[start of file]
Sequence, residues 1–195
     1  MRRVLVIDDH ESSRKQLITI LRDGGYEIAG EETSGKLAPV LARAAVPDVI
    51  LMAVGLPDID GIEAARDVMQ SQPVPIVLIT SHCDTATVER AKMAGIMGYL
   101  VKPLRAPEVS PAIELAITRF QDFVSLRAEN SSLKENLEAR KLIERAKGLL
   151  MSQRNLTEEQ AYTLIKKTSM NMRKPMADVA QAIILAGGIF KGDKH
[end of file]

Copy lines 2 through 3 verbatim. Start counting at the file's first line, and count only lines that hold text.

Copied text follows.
     1  MRRVLVIDDH ESSRKQLITI LRDGGYEIAG EETSGKLAPV LARAAVPDVI
    51  LMAVGLPDID GIEAARDVMQ SQPVPIVLIT SHCDTATVER AKMAGIMGYL